I'd stay and see her home through the twilight, but she would thank me not. I have other business to attend in the morning, and work before. With my scent on her, the maiden will come to no harm in the wood.

The night is used in the hunt; when the sun rises the deer on my shoulder is a buck, three points--young and tender, caught with my own hands. I bring him to the wolves in apology: the next night, I will not run with them across the moon-soaked mountains. I am summoned.

They dine on well-bled meat while I take myself to Strifbjorn's mead-hall where the einherjar gather. I do not count the days among the wolves, but I attend when my brothers call. I walk the valley road, not the shadowed one, passing under trees in the short cold morn. Patches of frost linger in the shadows, but the mist coils off the land, burned by the sun overhead. I glance upward, some memory I cannot quite reconstruct raised by the tug of the cord about my throat.

Mountain-clutching trees break above a hillocked green meadow, which sweeps down a gentler slope south and east until the flank of the mountain plunges into the sea. Close to the lip stands the mead-hall. It is built as long as two ancient pines grow tall, solid of seasoned logs and shingled bark. The sea lies at my right hand and before, the mountain at my back; the meadow gives way to birch and poplar to the left.

A pale form arrows across the sky, plunging furled by the turf-roofed mead-hall. A thing like a two-headed stallion stands in the midmorning light, tossing its horns and mantling those giant wings. A slender figure, clad in white, slides down his shoulder; she acknowledges my approach--but barely--with a raised hand, turns, and strides into the hall.

My brethren arrive for the feast and the council. For me, it is no homecoming.

Not until I enter the door of the mead-hall, and an elk-shouldered shape steps over the fire-trench to meet me. My braid is silver-black where his is like winter butter, but his eyes are grey as mine and as full of starlight.

"Mingan!" Strifbjorn embraces me. His clasp is iron bands, fingers that would break mortal bones clenching on my forearm, his other arm falling around my back.

I return the clasp, looking up to see his smile. A bear-fur cloak broadens him that needs no broadening, the pelt grizzled silver over rich brown. It contrasts with the swan-white shirt and trews. At his hip, Alvitr's bronze hilt matches Svanvitr's.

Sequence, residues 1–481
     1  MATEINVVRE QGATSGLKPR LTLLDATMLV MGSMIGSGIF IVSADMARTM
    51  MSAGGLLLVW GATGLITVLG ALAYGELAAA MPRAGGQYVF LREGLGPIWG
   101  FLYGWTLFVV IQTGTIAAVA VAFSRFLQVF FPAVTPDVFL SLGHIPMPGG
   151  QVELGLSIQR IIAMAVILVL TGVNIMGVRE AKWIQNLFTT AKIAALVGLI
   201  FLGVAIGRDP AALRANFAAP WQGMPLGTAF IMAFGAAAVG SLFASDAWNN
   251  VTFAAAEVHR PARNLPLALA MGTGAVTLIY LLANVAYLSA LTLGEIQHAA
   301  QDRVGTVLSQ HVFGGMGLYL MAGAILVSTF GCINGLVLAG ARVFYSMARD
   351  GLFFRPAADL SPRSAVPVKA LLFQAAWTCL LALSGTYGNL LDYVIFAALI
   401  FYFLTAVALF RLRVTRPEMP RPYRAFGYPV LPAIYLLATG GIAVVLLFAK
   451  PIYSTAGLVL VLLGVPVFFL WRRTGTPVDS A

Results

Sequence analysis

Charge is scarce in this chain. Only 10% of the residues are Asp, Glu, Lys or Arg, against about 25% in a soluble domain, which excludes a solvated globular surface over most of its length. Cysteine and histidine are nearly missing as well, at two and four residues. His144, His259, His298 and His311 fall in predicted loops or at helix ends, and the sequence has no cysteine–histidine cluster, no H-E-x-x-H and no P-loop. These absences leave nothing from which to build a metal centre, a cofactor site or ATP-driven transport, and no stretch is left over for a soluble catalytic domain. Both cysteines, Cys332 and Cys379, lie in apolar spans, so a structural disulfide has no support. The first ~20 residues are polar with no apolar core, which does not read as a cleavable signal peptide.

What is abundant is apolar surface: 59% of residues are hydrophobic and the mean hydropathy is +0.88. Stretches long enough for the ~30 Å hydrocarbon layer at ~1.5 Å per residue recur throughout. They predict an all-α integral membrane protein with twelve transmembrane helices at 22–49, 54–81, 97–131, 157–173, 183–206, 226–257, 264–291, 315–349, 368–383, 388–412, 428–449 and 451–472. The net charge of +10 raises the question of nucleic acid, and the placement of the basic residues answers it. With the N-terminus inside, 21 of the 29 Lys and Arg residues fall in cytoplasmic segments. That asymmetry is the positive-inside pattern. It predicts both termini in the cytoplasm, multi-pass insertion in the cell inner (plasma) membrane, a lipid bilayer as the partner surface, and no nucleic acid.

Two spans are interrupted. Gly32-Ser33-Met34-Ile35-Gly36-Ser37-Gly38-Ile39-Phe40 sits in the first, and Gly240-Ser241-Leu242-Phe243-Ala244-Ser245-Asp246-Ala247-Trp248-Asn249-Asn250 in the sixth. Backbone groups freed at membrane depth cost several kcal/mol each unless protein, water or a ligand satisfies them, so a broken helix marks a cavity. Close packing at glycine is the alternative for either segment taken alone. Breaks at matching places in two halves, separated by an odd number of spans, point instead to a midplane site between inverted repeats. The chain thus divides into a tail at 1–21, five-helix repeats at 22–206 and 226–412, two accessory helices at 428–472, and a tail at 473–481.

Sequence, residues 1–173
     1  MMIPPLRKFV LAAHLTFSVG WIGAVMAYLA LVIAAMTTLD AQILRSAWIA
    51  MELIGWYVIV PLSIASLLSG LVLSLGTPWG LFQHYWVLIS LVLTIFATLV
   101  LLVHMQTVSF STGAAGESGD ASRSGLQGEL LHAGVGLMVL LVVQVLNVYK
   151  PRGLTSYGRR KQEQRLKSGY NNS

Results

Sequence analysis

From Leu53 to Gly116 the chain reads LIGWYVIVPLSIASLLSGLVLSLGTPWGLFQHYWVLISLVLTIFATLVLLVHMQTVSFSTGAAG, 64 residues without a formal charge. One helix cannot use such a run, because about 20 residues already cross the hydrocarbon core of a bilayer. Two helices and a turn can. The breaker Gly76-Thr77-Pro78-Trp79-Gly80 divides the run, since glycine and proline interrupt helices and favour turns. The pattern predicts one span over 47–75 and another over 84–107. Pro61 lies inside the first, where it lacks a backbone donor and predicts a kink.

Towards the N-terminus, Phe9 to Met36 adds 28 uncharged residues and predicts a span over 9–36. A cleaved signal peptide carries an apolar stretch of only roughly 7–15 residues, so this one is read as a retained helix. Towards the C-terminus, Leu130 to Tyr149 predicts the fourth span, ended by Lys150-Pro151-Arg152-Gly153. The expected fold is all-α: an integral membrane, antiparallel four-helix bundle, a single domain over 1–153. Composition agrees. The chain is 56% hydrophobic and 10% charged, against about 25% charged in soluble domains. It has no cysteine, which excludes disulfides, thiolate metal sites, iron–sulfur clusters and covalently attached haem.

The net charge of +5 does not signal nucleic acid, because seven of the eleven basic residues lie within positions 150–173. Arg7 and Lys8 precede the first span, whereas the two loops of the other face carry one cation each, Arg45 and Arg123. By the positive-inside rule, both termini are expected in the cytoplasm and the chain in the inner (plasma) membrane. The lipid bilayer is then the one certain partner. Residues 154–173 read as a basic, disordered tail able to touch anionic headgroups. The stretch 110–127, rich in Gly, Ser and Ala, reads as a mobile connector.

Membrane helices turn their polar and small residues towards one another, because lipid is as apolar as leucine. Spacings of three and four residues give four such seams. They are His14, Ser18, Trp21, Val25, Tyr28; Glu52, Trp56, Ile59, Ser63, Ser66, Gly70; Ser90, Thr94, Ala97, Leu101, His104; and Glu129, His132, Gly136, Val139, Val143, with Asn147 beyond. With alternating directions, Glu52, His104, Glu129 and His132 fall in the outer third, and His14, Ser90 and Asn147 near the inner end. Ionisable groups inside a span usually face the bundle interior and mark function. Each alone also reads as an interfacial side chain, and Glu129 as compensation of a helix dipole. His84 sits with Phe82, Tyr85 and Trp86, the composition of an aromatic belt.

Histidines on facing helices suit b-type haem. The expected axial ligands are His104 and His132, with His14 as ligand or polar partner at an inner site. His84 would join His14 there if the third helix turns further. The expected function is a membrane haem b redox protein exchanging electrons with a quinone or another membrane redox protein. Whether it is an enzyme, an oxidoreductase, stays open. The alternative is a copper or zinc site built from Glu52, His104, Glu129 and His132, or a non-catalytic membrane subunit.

Pine-scent rises from the strewn branches, mingled with the smell of cold fires and hot honeyed ale. Strifbjorn does not flinch from the heat of my hand through the glove.

"Strifbjorn, my brother. You are well?" I smile to see the light in his eyes flash, and he does not turn from it.

His voice drops. "Very." He leads me to a seat near his, at the south end of one of the long tables. On the left, below him along the bench. We will share our trencher. The great gilt chair on the north wall sits empty. Our Cynge is not with us.

He never has been, but I taught them to keep his chair ready, and the Lady's at the south end of the mead-hall.

The waelcyrge cluster at one end of the hall, around the bride. Menglad, who wears a red far more pure in shade than the muddy carrot-color of the blond girl's cloak.

One of them leaves her sisters and brings us mead in horns, bowing her head when Strifbjorn's fingers brush her hand. She is the little one, Muire, with the darkest hair, golden-brown as buckwheat honey. Her eyes also slide from mine, but it is not modesty that drives her to turn away. Strifbjorn is fair and handsome, his prowess unmatched in renown. As long as he remains unmarried, the Daughters of the Light vie for his regard.

Mine, they avoid--for I am Mingan the Grey Wolf, who walks alone, who acts alone, who does not hear the voice of the Light in his ear. The Children--except Strifbjorn and perhaps Yrenbend--fear me.

It is not their weird to seek understanding of things that shake the pattern of their days. Except perhaps Muire, who is a blacksmith and a poet, which are not such separated things as might seem. She writes history. I would she did not fear me. I would she might ask what I know.

I remember things--some shadowy, some crisp--that took place before the Children, einherjar and waelcyrge, were sung out of the starlight on the ocean and in turn sang the mortal creatures from the stones. I know of only three old enough to remember another world, and of those I am the one who walks among the Children of the Light.

I drain my nectar-scented mead, and the smell brings remembrance. A fetter, a sword, a scorching heat, the taste of blood. Pain, inside and without. The scent of a man I trusted as I have trusted none other, save Strifbjorn. The scent of a man who betrayed. I remember these things, but not with a man's understanding.

I recall them as a wolf might. But so my brothers name me.

"You are distant, my brother." It is not Strifbjorn speaking--he has turned to the side, listening to an einherjar who has come up on his right. It is the waelcyrge Muire, the chooser of the slain, who has returned with more mead.

She meets my eyes for a long quiet moment before she glances away, still not gazing at Strifbjorn. I witness the longing in how she refuses to look at him, and I see his denial of it in the stiffness of his shoulders as he bends closer to his welcome distraction. He is trapped, my brother, in the expectations of his role--and the mistakes we both have made.